This is the second time in 4 years that Steinbeck has created a prostitute Dulcinea.
1959: I, Don Quixote, a non-musical teleplay by Dale Wasserman, airs only once, as the DuPont Show of the Month on CBS Television. In 1965, when Steinbeck’s health was in decline, that teleplay is adapted to become the Broadway play, Man of La Mancha. It wins 5 Tony Awards the following year, including Best Musical. Man of La Mancha runs for 2,328 performances and after Steinbeck’s death becomes a major motion picture starring Peter O’Toole and Sophia Loren. (1972)
Why did Steinbeck see Dulcinea as a prostitute when Cervantes clearly did not?
The answer, I believe, lies in the “anima,” the imaginary woman that represents the innermost heart of a man.
1959: In a private letter to his agent, Elizabeth Otis, Steinbeck writes,
“I’m going to do what people call rest for a while. I don’t quite know what that means – probably reorganize. I don’t know what work is entailed, writing work, I mean, but I do know I have to slough off nearly fifteen years and go back and start again at the split path where I went wrong because it was easier. True things gradually disappeared and shiny easy things took their place. I brought the writing outside, like a cook flipping hot cakes in a window. And it should never have come outside.”
– John Steinbeck, to Elizabeth Otis
Steinbeck: A Life in Letters, p. 657
Steinbeck saw imaginary women as reluctant prostitutes because he saw himself as a reluctant prostitute.
As a professional ad writer, I know the name of every demon with which he wrestled.
John Steinbeck recovered his sunshine and gave us Travels With Charley before he died. It is, in my opinion, the greatest travelogue ever written. Not surprisingly, Steinbeck referred to that 75-day trip across America as “Operation Windmill” and named his GMC pickup-with-camper “Rocinante,” after Don Quixote’s horse.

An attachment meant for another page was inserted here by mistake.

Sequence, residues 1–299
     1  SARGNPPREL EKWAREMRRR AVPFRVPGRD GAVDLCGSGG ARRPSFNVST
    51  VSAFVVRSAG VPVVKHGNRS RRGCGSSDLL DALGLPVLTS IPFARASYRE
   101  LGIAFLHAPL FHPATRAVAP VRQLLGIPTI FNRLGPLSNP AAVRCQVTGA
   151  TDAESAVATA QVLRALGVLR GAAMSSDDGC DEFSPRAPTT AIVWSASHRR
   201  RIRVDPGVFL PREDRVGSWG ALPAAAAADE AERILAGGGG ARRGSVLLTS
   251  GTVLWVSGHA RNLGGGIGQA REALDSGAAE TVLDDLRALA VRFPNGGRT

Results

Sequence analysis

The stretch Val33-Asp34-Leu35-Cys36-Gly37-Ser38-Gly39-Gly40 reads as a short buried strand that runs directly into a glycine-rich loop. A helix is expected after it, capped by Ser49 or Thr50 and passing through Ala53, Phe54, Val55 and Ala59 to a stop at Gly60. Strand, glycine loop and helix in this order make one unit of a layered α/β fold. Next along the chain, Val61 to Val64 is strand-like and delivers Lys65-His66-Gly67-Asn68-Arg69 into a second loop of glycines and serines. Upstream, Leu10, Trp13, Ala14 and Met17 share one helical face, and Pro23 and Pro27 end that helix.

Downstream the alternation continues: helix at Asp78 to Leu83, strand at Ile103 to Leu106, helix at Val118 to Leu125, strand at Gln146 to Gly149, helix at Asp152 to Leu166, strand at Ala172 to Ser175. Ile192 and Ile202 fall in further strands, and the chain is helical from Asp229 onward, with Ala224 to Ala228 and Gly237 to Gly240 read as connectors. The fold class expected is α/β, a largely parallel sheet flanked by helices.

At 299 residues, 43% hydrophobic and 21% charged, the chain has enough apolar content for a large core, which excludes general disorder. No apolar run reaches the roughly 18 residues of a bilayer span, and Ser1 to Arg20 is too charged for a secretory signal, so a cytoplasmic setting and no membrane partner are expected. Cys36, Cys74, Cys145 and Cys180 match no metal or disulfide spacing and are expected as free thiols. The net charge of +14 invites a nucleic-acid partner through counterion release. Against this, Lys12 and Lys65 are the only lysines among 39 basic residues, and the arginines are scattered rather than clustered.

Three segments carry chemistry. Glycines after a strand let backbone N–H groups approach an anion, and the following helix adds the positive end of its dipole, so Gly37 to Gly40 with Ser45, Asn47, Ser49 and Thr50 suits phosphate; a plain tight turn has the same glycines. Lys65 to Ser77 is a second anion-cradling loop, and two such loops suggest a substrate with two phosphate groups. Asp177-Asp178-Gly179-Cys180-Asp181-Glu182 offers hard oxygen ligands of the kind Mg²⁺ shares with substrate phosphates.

On the campus of Wizard Academy – the school for entrepreneurs of which I am Chancellor – a larger-than-life bronze statue of Don Quixote gazes upward at Wedding Chapel Dulcinea where it hangs off the edge of a cliff far above him. Eight hundred and twenty-four couples were married there – at no cost – last year.
So it would appear that I, too, have found a little patch of sunlight to call my own.
And I hope you have, as well.
Roy H. Williams
2010, June: CBS News announced online,
“John Steinbeck Archive to be Auctioned. Never-Published Works Among Letters and Manuscripts from Nobel Prize Winner’s NYC Apartment.”
“The writer [Steinbeck] had Ingrid Bergman in mind for Vikings, a film script adaptation of a Henrik Ibsen play that he began in 1954 but later abandoned. Another project that was later abandoned was a 1957 reworking of Don Quixote, which Steinbeck titled Don Keehan—The Marshal of Manchon. Bloomsbury’s catalog says he had high hopes for it and even considered director Elia Kazan for a movie version with [Henry] Fonda in the lead.”
On June 23, 2010, I was the high bidder for Don Keehan—The Marshal of Manchon at the Bloomsbury auction in New York. I quote from that unfinished novel extensively in my 10,000-word treatise on the subject. If you would like me to email you a copy of that treatise, just let me know – Roy H. Williams